Dario | Sep 10, 2021 | 0
Manes: on death and rebirth.
Norwegian music collective Manes recently released their new album “Slow Motion Death Sequence“. We here at the Progspace sat down for a talk with them, about the past, present and future of the project. Present were guitarist Eivind Fjøseide (also of Atrox and Drontheim) and bassist Torstein Parelius (Chton, Drontheim). We were also lucky enough that contributing Chilean vocalist Ana Carolina Ojeda (Morning Sun) were visiting Trondheim, and thus could add her unique views on the experience.
The Progspace: So did you have a theme in mind for “Slow Motion Death Sequence“?
Torstein: Yes it’s basically thematically about death and dying.
TPS: So is it then strange of me to say that the album feels more uplifting to me than your previous releases?
Torstein: Well death isn’t solely negative (laughs). And it’s a very varied album, but that is kind of the red thread going through it I think. Contemplation on death and dying in different ways, but also we discovered quite late in the process that it has, not really a narrative, but the order we arranged the songs on the album gave them a new significance. And we explored that a bit in the final phases of creating the album, so it developed into the story of one persons life, maybe? Starting at one point in someones life, and then ending in the way it usually ends. So that is the general theme of it, but the songs in themselves are more varied, and they all feel different. It’s not intentional that a song feels “happy”, or “sad”, because we don’t really work like that
Eivind: You can say that when we started out with the initial sketches for many of the songs they sounded quite different. All of them sounded much brighter than what you hear on the album So we colored, or maybe took away a lot of color, from the songs. We had to go darker, because many of the musical ideas were a bit to bright for the theme we settled on. We had many run-throughs of the songs and they definitely ended up different than how they started out.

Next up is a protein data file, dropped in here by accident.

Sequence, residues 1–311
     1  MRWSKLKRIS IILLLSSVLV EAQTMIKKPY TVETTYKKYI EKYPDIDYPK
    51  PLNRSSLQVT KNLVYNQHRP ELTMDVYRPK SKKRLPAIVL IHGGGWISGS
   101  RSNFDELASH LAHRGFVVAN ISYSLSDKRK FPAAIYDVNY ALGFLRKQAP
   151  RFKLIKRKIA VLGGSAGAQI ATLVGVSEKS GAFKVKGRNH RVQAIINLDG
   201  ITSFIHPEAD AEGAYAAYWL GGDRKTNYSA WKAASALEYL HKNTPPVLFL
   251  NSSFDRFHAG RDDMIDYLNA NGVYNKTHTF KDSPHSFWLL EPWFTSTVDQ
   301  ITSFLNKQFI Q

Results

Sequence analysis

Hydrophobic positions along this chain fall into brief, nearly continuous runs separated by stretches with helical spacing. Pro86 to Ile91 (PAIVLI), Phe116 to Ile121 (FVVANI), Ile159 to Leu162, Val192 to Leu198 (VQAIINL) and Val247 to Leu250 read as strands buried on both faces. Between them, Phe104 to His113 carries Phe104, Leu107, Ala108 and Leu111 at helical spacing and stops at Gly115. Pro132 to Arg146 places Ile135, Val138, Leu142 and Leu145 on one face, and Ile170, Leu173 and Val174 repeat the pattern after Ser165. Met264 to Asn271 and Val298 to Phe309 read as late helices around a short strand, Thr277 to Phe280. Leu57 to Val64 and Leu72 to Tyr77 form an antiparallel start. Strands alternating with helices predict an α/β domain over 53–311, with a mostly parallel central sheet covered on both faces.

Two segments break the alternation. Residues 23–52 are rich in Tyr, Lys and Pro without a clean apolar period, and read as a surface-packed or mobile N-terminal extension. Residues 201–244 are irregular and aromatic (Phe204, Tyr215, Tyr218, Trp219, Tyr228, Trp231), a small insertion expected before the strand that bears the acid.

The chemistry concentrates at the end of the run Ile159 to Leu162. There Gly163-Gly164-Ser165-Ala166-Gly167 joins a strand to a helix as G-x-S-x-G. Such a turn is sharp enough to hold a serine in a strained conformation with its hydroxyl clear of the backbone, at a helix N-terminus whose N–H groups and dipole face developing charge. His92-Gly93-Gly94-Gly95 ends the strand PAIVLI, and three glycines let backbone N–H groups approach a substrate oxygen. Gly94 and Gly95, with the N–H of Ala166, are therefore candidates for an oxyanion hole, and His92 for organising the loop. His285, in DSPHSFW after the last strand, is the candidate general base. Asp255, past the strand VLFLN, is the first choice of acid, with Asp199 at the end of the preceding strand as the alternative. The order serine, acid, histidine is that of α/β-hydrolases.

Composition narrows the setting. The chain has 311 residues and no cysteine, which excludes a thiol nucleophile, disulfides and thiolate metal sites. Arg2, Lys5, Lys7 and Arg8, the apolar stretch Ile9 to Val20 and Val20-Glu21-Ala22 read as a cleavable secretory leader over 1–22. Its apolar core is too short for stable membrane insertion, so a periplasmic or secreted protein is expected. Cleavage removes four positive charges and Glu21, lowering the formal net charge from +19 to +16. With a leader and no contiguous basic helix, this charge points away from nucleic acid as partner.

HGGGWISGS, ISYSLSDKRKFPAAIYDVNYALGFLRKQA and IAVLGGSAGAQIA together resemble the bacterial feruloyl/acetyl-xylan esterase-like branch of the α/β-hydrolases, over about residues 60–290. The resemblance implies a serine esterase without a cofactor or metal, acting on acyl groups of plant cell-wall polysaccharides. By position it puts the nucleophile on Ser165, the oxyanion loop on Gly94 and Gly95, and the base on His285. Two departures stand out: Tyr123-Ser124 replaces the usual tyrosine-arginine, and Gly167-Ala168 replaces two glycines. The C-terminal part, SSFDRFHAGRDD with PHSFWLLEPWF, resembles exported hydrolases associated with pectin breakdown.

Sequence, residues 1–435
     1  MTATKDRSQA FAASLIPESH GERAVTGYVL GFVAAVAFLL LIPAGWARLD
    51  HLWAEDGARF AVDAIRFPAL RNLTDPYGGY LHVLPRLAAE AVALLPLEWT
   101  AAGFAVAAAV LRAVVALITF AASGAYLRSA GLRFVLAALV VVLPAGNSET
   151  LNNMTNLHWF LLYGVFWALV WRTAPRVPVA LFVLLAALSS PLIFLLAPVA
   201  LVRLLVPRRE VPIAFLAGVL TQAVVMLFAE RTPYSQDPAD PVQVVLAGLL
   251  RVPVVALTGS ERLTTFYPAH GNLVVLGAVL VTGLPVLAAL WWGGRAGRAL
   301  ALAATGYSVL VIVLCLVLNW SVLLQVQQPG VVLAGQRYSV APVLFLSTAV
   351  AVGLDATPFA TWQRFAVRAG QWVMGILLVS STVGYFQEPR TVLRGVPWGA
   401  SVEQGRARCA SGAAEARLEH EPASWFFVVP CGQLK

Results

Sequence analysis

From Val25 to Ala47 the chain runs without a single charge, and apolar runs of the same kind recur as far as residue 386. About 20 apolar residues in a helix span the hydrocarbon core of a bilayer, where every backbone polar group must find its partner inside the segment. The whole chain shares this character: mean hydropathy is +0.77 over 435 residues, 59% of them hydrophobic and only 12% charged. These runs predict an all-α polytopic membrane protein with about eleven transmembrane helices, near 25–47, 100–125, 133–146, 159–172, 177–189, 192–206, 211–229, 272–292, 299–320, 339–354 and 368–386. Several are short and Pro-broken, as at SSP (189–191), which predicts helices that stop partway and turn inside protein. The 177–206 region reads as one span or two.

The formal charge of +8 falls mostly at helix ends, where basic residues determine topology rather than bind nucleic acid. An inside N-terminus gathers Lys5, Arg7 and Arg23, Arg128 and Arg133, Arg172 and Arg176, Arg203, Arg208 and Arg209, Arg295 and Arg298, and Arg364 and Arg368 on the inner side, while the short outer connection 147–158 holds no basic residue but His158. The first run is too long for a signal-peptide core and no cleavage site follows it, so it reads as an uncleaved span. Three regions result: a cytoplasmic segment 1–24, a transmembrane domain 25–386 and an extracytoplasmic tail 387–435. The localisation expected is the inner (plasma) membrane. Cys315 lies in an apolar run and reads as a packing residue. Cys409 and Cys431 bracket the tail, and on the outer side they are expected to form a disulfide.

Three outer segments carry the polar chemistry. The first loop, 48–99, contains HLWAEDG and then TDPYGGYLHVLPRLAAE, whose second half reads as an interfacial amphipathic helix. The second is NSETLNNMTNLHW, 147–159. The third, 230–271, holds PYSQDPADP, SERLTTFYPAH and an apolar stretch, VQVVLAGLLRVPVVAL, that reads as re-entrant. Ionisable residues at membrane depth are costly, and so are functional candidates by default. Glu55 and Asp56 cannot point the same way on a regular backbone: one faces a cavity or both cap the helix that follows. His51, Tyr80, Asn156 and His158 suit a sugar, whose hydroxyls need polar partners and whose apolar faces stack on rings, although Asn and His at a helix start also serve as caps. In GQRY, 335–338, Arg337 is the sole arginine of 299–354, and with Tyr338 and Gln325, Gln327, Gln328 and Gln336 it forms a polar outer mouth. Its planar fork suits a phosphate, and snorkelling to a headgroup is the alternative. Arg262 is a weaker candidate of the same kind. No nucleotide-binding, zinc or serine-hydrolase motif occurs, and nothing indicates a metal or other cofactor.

Ana: Well, it’s an interesting story, because I had this idea to contact Rune Hoemsnes (drummer of Manes, and earlier legendary doom/avant garde band the 3rd and the Mortal) to see what he was doing. If he was into any kind of recording or production, what happened after the 3rd and the Mortal, and what was happening with his current projects? I sent him an email telling him about how I used to listen to the Trondheim bands, and how important they were to my own “musical journey”. He replied and invited me to contribute to the new Manes album, to which I said yes immediately, and that was three years ago. I met the band in Bergen (Norway) for Blastfest, and after returning home to Chile, Skei sent me five or six sketches and we started working. I was given free hands to try out my own vocals and even write lyrics, but I felt I needed to be close to the band geographically, or even record with them. So after I did my first tour with my doom band Mourning Sun in 2016 I decided to go visit them, and the first vocals I recorded was in winter of 2016. I recorded with Asgeir Hatlen (Manes vocalist) which was an amazing experience, I learned a lot. After that the band started working on other stuff, as it is a collective they get contributions, not only on the music, but from different people.
TPS: So it took quite a lot of time?
Torstein: We use a lot of time, we are not in a hurry. We don’t tour and we rarely play any gigs. So we like to take our time doing what we enjoy the most, which is basically making the music. We go in and out of the studio, and some of us have their own studios where they work as well. Sometimes a couple of us meet up to try out some ideas, we can for instance rent the studio to do just a session of vocals, then all of us go back and look at how we can adapt the material we have further to the recordings. So that’s how we would collaborate with Ana, or anyone else. The reason we want to collaborate with someone is because we like how they express themselves, so it would be stupid of us to be like the ring-master in a circus, whipping them around and telling them to do this or that.
TPS: Because you might loose what originally made you want to collaborate with them, of course?
Torstein: Exactly, but that kind of means that we have to start a new process every time we get these contributions. We might go back into the studio and record new bass, drums or guitar to add to, or shape around the new material we receive from these collaborators.